An audience member objected, saying, “No, that’s not true: I love your children as much as you do.” Gramm’s reply: “Oh really? What are their names?” (p. 302). It’s a sublime point: we can love strangers, but not intimately — or not at any rate the way we love our friends and family. 

It reminds me of a tragic scene in Eugene Richter’s Pictures of the Socialistic Future in which a mother’s knowledge about her daughter is ignored by those in charge of state child care. It ends tragically. The scene Goldberg recounts here is a brief and powerful illustration of the arrogance and presumption that comes with thinking we can simply choose to reject gesellschaft and embrace gemeinschaft as the only proper governing principle for a world of seven and a half billion people.

I paraphrase Deirdre McCloskey: the romantic anti-liberal vision turns an impossible and wholly imaginary Best into a very possible and very actual Pretty Good, or at Least Much Better Than Things Have Typically Been. Incremental improvement? Yes. Radical reimagining of humanity and society? We tried that in the 20th century, and it was, to borrow a phrase from Ayn Rand, akin to “tearing the lid off hell.” Goldberg explores the tension between free societies and grand social projects. The former most definitely are not the latter. Economic and political liberty per se do not provide people with a sense of meaning. This is apt to be very depressing to the legislator or reformer Adam Smith calls “the man of system,” who “is apt to be very wise in his own conceit” and “often so enamoured with the supposed beauty of his own ideal plan of government, that he cannot suffer the smallest deviation from any part of it.”

To the man of system then and now, the evolved, mediating institutions of civil society (the family, for example) simply aren’t legible. He can’t see in them an articulated and transcendent purpose, but he concludes that when he sees anything in them that is unlovely, it is because someone out of avarice or malevolence designed it that way. This is where the man of system is most dangerous. It is so very, very tempting to think that if only we were in charge, or people like us, or people we choose, everything would be great — and we can’t be faulted for trying hard and meaning well. This isn’t so. As economists and other social scientists have tirelessly pointed out for centuries, you don’t need bad intentions to create bad consequences. Goldberg likens the state and civil society to a tourist exploring a coral reef (p. 301):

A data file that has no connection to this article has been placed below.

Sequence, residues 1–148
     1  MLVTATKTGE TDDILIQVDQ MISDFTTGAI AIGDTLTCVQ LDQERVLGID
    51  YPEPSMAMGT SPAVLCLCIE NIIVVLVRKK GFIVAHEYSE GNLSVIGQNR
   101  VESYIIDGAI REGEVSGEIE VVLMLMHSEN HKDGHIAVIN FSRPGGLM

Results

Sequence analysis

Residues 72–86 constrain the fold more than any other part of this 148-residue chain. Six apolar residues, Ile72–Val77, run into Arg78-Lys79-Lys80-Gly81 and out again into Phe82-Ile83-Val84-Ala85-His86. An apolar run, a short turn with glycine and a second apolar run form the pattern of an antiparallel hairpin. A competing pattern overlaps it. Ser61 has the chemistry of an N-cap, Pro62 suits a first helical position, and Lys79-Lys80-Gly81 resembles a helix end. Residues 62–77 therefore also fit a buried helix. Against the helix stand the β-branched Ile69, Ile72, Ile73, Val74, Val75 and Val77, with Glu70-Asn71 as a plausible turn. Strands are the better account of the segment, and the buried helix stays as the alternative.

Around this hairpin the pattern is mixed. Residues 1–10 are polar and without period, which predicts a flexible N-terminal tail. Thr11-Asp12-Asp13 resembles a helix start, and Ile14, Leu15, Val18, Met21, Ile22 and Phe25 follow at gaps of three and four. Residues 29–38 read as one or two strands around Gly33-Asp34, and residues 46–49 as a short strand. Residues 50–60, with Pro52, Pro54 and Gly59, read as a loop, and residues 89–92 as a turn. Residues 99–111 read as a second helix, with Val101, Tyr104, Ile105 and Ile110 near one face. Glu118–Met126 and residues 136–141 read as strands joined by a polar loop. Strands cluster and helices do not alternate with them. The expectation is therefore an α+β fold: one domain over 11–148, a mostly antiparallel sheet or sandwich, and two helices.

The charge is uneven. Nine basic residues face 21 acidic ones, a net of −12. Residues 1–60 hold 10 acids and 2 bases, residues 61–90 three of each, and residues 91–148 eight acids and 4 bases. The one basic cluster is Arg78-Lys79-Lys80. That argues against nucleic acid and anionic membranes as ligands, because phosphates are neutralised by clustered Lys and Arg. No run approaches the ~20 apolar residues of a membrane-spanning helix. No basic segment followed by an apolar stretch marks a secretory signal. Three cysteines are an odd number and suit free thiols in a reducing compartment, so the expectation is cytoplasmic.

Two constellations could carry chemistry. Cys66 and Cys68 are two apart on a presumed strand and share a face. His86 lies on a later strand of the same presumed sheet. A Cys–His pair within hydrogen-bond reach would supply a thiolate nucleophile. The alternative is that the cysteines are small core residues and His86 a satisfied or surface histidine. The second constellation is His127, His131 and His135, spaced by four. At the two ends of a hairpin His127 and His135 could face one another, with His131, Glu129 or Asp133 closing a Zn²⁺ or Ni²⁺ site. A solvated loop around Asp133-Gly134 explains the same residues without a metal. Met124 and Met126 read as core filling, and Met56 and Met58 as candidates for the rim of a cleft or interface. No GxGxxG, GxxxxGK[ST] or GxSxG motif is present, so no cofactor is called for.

If you’ve ever been scuba diving or snorkeling, you probably know that swimmers aren’t supposed to touch the coral with their bare hands. We have oils in our skin that disrupt the membranes of coral and can even kill a whole colony. The state is a greasy-handed tourist in civil society.

The American Founders, perhaps, were then quite wise to see themselves as “gardeners, not engineers” (p. 153). And perhaps social scientists would be most useful to society if we (re)discovered an ethic of “look, don’t touch” — or as Steven Landsburg pointed out in sharp contrast to Karl Marx, the economist’s goal should be to understand the world, not to change it.

In any case, at root is a conflict of visions: people like Goldberg (and Adam Smith, and F.A. Hayek, and Milton Friedman, and Thomas Sowell) believe that human nature is fixed. Others — much of the modern Left — believe it is social conditioning all the way down and can, therefore, be changed by changing the social institutions. It’s possible, in this view, to remake a society after an articulated and designed pattern. All that’s needed is “political will,” which loosely translated means “unchecked power for me and my friends.” Lest you think I’m exaggerating, Goldberg makes much of the intellectual rebellion against enlightenment liberalism during the Progressive Era. Hence we got the rise of the administrative state, what some believe to be a de facto fourth branch of government.

Stylistically, Suicide of the West is an easy and fun read. Goldberg can turn a phrase beautifully, the prose is clear, and it skips along in ways a lot of 400+ page doorstops simply don’t. Goldberg calls his readers to the defense of Western civilization against attackers from left and right. I can only hope we are up to the task.

Click here to hear Jonah Goldberg discuss the book with Russ Roberts on EconTalk.

Art Carden

Art Carden

Art Carden is a Senior Fellow at the American Institute for Economic Research. He is also an Associate Professor of Economics at Samford University in Birmingham, Alabama and a Research Fellow at the Independent Institute.